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--K. R. Broschart, Choice -The state of marriage and dating is described in detail in this book by Martin King Whyte [T]his is a thoughtful and interesting analysis . Martin King Whyte (), sociologist and author of Dating, Mating and Marriage, observes that dating “is a curious custom.” Because we are so immersed in our. Apr 2, Saints (referred to as Latter-day Saints or LDS) surrounding dating to this, Martin King Whyte, in his book Dating, Mating, and Marriage, found.
Human beings need these relationships in order to survive. However, the way Americans classify the different stages of an interpersonal relationship has changed over time.
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The first dimension of this study will examine how interpersonal researchers define different stages in relationships, how those definitions have changed over a period of three generations, and the role communication plays in that process of change. The second dimension of this study will examine how personal individual accounts of relational development support what the theoretical background suggests. Romantic relationships are a fascinating display of human interaction, in which communication plays a vital role, thus the reason for the focus of this study on that facet of interpersonal communication.
While researching the topic of interpersonal relationships and how they are classified, I was intrigued by the role of communication in the process. In addition, the knowledge I have gained in pursuit of higher education has continually piqued my interest, specifically in the areas of the dating process and the development of romantic relationships.
The aforementioned reasons are why I decided to focus my thesis work on the topic of change in interpersonal relationships, and the specific role of communication within that process.
In addition to the substantial amount of research that has been conducted on this topic, I decided to conduct some personal research. The research I conducted consisted of interviewing individuals from three different generations, oftentimes within the same family, and comparing and contrasting the dating patterns and interpersonal relationships of each generation. I was expecting certain patterns of differing relationship definitions to emerge, and they did.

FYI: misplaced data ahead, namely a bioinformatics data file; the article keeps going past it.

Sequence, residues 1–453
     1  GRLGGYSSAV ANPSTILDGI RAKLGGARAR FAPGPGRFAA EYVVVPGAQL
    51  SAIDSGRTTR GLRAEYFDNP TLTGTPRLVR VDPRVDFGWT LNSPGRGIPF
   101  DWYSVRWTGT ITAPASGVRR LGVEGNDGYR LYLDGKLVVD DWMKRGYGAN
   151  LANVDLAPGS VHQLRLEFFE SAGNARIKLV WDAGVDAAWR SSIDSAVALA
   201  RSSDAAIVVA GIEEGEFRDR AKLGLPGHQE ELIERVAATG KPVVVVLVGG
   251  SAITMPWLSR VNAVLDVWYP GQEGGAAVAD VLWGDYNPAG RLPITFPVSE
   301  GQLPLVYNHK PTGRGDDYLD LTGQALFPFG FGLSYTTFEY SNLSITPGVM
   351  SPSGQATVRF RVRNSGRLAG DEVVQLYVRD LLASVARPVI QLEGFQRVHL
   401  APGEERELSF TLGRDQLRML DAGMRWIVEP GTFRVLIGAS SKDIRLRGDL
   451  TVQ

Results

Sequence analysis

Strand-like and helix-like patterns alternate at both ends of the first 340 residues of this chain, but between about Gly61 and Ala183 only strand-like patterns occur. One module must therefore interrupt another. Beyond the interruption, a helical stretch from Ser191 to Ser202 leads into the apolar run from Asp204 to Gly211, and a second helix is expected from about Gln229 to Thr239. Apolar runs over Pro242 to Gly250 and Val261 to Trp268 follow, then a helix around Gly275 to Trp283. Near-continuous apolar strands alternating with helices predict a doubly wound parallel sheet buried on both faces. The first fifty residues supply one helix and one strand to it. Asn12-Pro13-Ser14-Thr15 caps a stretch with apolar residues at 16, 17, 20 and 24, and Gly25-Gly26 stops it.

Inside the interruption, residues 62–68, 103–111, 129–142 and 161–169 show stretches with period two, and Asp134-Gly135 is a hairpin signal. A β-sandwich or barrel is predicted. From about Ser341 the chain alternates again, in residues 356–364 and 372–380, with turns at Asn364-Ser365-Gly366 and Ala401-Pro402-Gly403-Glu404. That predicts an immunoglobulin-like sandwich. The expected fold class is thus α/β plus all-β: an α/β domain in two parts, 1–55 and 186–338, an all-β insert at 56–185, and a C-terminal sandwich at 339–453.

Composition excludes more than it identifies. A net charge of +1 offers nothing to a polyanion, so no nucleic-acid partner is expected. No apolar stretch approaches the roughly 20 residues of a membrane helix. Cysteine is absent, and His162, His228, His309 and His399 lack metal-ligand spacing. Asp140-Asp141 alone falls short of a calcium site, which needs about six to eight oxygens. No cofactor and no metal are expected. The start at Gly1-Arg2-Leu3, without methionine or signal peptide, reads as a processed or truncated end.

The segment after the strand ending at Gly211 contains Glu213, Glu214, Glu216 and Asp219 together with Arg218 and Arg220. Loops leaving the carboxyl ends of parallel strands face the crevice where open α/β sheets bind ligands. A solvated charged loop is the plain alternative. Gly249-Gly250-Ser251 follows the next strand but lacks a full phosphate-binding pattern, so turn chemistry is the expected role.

However, there were also some interesting trends that I discovered which were less expected. The objective for presenting information related to romantic relationships is to inform readers of the critical role of communication in the relational development process, thus equipping them with the information necessary for improvement in relational communication. Literature Review A substantial amount of research has been conducted in the area of relational development.
During the evaluation of that research, three basic catalysts for change, in the development process of romantic relationships, were found. The main agents involved in transitioning a romantic relationship from one stage to the next were technology, time and activities, and communication. Because of that perception, Whyte focused his study on how the institution of dating had changed over the last century. The custom of dating began in colonial times but by the s the popular practices were referred to as calling and keeping company Whyte At that time, one young woman could have several men calling on her at the same time.
With the passage of time came an advance in the dating process in America. The shift of influence and the activities involved in the dating process both contributed to the new way of defining a romantic relationship.
The question remains, what caused the shift from calling to dating in the American culture? Whyte proposed three ideas to explain the shift. Men and women were exposed to each other informally over a longer period of time, thus transforming their type of social and interpersonal interaction.
Technology, specifically the invention of the automobile, was the third catalyst for change presented by Whyte. Having an arranged marriage with mom and dad in control is certainly not the desirable method of dating for American youth today. Finding a balance between those two extremes is where the current generation of daters find themselves.
What has caused this shift? Whyte and others argue communication; particularly the vocabulary used to define and discuss romantic relationships. For many young people, the expansive relational vocabulary allows them to define stages of a relationship unidentifiable to previous generations. In fact, many young adults argue that the current styles of dating are more natural and healthier than those experienced by the generation of their parents and grandparents Whyte There are other opinions as to what causes a relationship to shift from one stage of dating to another.